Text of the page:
Who Put the Larches in Larchmont? And What is a Larch, Anyway?
Here and there around Larchmont this winter, you may notice tall, bare, wispy conifers (trees with needles and cones, like pines and hemlocks) that look as though they are dead. But most likely they are healthy, living larches. This maverick genus sheds its needles every fall, unlike almost all the other conifers, which rightly also are called “evergreens”. These forlorn looking larches are worth watching, however, because their seasonal colors rival the deciduous maples, oaks, and beeches. In the Fall their needles turn a beautiful golden yellow before dropping, and the new spring needles are a soft, fresh, light green.
The original larches of Larchmont are located to the side and front of the Manor House at Prospect and Elm Avenues in the Manor section of the Village. This house was built by Peter Jay Munro, the nephew of John Jay (first chief justice of the U.S.), in 1797.
Originally, however, the front of the house faced the Boston Post Road, which was busy enough at the time to create dust and noise. So Munro asked his Scottish gardener to plant trees to screen the house from the road.
The gardener sent to Scotland for seeds of the larch, which he knew to be a fast-growing and hardy species. As far as we know, these are the original trees, making them nearly 200 years old. None is left facing the original front of the house, so a number of them have probably fallen to weather and disease.
Larchmont was not so-named until nearly 50 years later, however. That is when Edward Knight Collins purchased the land from Munro’s heir. He remodeled the manor house and named the parcel, which extended down to the shoreline, to reflect the hilltop position of the house and its grand trees.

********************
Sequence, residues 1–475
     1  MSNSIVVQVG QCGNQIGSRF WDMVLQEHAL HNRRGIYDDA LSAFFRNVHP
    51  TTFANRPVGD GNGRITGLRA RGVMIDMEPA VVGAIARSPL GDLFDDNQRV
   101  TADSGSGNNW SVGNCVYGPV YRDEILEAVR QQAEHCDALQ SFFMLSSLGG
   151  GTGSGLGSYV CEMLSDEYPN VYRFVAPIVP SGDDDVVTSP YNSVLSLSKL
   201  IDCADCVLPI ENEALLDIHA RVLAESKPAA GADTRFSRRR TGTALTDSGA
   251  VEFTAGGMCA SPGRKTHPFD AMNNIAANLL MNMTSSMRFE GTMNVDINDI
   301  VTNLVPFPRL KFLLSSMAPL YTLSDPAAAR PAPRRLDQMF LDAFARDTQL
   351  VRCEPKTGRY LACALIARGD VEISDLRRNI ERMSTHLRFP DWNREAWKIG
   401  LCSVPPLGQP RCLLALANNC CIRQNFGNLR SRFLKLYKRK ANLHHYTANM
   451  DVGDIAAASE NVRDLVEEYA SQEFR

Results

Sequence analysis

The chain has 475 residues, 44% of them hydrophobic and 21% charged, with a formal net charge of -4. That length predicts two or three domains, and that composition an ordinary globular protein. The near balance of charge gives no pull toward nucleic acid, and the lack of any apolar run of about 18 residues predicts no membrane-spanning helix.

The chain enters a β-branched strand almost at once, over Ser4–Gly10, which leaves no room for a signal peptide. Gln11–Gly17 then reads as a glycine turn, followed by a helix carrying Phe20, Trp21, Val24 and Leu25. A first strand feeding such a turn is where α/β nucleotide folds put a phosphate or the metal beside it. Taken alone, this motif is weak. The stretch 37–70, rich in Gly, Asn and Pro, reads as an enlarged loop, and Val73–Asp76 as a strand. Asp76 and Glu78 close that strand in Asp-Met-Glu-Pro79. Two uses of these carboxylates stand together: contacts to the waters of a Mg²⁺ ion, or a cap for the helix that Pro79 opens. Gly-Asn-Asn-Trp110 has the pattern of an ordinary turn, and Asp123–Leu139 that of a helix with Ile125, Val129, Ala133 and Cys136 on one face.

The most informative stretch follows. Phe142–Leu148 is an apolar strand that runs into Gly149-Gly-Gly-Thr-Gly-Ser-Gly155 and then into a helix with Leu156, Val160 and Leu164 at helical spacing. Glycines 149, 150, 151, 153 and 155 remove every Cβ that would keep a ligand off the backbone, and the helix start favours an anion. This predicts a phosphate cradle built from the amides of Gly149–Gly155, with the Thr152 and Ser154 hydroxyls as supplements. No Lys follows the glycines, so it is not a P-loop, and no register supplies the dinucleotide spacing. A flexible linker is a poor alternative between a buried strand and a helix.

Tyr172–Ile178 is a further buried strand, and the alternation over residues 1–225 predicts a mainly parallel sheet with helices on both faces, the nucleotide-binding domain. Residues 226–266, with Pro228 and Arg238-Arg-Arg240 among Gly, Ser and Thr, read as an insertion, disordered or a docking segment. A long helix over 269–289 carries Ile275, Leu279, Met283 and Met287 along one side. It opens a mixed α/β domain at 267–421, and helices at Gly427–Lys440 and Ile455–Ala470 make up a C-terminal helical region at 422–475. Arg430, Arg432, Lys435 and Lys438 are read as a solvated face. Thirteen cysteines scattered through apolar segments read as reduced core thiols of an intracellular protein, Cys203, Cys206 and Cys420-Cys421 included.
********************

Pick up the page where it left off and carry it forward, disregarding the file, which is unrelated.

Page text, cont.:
Most likely these, as well as most other larches in the village, are non-native European and Asian species that have been planted as ornamental trees. There are only two native North American species of larches, the eastern larch or tamarack, and the western larch. The eastern larch is more likely to found growing in more northerly, boggy areas, and doesn’t function well as a suburban lawn tree.
A little more Larchmont history can be viewed in front of the Village Hall, on the corner of Larchmont Avenue and the Boston Post Road. This Chinese species of larch was planted in September 1966 by the Garden Club to mark the 75th anniversary of the incorporation of Larchmont Village. Some other prominent specimens of larch can be seen in Fountain Square in the manor.
An interesting environmental note about larches: researchers have discovered they are particularly efficient processors of carbon dioxide. Vast stands of larches in Siberia have created what climatologists call a “carbon sink’, or an area where carbon dioxide is absorbed and retained, possibly countering the Greenhouse Effect causing so much concern these days. So when environmentalists say, “Plant a tree,” perhaps they should really say “Plant a larch!”